President and Mrs. Ford watched election returns in the White House residence, surrounded by family and friends. Television news reported Governor Carter quickly locking down his Southern base, including the key states of Texas and Pennsylvania.
Then Ford began to close the electoral gap. As midnight neared, New York, Illinois, Michigan, Ohio, Iowa, Virginia, Maine, Mississippi, Hawaii, and New Mexico were too close to call. Ford needed almost all of them. By the time he went to bed, however, just after 3:00 a.m., the trend was becoming clear. And soon thereafter, the networks called Mississippi for the former Governor of Georgia, its seven electoral votes carrying Jimmy Carter passed the needed 270.
Carter earned 51% of the popular vote, to Ford’s 48%. He won twenty-three states to Ford’s twenty-seven. In key states, the race was decided by about one percent of the vote. It was a close race, leaving many on Ford's team pondering the "what ifs." President Ford and his wife, however, looked ahead. They had done their best, and this time they lost.
Ford sent President-elect Carter a congratulatory telegram early on the morning of November 3. He and his family met with the press soon afterward. His voice robbed of its strength by the campaign's last push, the President asked Mrs. Ford to read his concession remarks. He soon instructed his staff to assist the incoming administration with the transition and continued his presidential duties until noon, on January 20, when, for the eighteenth time, the United States peacefully transferred the presidency from one political party to another.
Guests invited to watch the election results with the Ford family in the White House included the Ford's former housekeeper Clara Powell, NBC sports broadcaster and former baseball star Joe Garagiola, co-chair of the National Democrats for Gerald R. Ford Edith Green, Senator Robert Dole and his wife Elizabeth, Chief of Staff Richard Cheney, Press Secretary Ronald Nessen, White House photographer David Kennerly, and many other staff members and friends. Television sets were tuned in to each major network, though Ford spent most of his time watching NBC. Governor Carter started off strong with a lead of twelve to three. Ford picked up New Jersey in a surprise win, but New York and Texas went for Carter, though former Texas Governor John Connally had promised to deliver the state to Ford. At nearly 3:00 a.m. the election boiled down to four states: Ohio, Hawaii, Mississippi and Wisconsin. Tired and unable to do anything else, Ford went to bed at 3:20 a.m. The results determined there were no paths to victory for his campaign. Carter had won the election. At 9:00 a.m. Kennerly delivered the bad news to the President. Ford later wrote he was hurt and disappointed by the election's outcome but, overall, he was very proud of his campaign.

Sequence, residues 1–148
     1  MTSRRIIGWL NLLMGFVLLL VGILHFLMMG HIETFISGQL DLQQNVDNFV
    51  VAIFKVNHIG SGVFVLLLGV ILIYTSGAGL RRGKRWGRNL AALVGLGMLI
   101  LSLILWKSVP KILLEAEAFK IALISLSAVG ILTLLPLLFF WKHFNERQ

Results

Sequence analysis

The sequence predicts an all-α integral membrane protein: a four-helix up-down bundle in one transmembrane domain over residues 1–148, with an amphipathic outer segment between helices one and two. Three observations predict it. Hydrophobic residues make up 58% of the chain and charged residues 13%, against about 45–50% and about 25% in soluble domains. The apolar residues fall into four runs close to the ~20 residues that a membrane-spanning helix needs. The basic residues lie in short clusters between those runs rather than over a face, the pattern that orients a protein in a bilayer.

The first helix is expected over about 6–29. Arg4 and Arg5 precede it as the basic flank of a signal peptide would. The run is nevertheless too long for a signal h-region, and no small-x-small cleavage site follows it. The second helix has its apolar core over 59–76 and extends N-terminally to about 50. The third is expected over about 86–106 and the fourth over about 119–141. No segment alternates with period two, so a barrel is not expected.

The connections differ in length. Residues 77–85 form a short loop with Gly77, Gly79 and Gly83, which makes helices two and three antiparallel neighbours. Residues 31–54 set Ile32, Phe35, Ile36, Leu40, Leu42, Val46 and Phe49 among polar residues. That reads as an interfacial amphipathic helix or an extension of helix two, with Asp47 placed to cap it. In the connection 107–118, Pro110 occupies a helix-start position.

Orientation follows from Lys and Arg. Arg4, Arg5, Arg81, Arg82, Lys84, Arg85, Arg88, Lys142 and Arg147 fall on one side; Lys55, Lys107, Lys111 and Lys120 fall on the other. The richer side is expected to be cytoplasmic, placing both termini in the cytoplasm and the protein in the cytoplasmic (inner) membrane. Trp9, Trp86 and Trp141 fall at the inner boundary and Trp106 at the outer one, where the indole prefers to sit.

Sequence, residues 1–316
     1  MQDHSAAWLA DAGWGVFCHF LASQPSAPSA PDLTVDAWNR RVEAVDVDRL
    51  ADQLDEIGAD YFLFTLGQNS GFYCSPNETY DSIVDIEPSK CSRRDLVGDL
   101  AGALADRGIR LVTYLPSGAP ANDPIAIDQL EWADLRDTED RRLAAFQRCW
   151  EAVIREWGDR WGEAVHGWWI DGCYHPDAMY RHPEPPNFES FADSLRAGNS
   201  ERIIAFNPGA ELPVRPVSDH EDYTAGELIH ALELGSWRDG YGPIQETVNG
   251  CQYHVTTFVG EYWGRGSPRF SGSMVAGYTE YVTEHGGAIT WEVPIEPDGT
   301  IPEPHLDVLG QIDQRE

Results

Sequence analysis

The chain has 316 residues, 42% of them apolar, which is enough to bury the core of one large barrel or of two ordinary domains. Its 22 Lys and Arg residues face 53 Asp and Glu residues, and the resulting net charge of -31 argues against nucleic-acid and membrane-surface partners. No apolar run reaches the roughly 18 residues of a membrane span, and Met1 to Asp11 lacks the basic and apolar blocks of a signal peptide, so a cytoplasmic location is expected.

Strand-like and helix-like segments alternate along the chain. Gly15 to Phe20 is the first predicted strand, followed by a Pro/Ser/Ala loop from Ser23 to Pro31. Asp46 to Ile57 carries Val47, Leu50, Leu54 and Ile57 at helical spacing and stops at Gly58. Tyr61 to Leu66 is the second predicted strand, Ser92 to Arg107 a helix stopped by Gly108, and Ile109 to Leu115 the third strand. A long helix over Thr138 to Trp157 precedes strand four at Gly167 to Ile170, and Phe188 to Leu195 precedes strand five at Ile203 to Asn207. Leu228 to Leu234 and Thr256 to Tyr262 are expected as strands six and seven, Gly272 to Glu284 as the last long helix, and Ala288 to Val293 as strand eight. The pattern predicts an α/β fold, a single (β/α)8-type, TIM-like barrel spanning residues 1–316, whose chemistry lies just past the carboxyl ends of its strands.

Some of his campaign staff wanted Ford to challenge the results in Wisconsin and Ohio due to talk of illegal voting practices. The President refused and said, "The election is over. We lost. I will not be a party to any recount or lawsuit in any state." With a hoarse voice, he gave Carter a congratulatory phone call shortly after 11:00 a.m. Reporters and television crews eagerly waited for the president to deliver his concession speech in the White House's Briefing Room. The entire Ford family gathered behind a single podium, and President Ford made a brief statement due to his failing voice. Betty, who he addressed as, "the real spokesman for the family," read his concession speech. She also recited the supportive words he had said to Carter over the phone. President Ford assured Carter and the American people he would foster a smooth transition period to the new President.
An upset Joe Garagiola came to the Oval Office with his family, and he and Ford consoled each other. There were many what-if questions to consider, but Ford resisted the urge to dwell on them. Instead, he worked on things he wanted to accomplish before Carter's inauguration. Ford later wrote that his son Jack had perfectly articulated his father's feelings when he said, "You know, when you come so close, it’s really hard to lose. But at the same time, if you can't lose as graciously as you had planned to win, then you shouldn't have been in the thing in the first place."
Special Assistant Mike Duval's election challenge contingency memo.
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Telegram from Gerald Ford to Jimmy Carter conceding the election.
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Letter from Jimmy Carter to President Ford starting the transition process.
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Letter from James A. Baker, III to President Ford following the election.
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MOR [Market Opinion Research] Summary Report analyzing the results of the 1976 Presidential Election.
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Memos from senior advisers to President Ford regarding information for his meeting with President-elect Jimmy Carter.
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Briefing Book for Second Ford Administration, "Never submitted to the President for obvious reasons."
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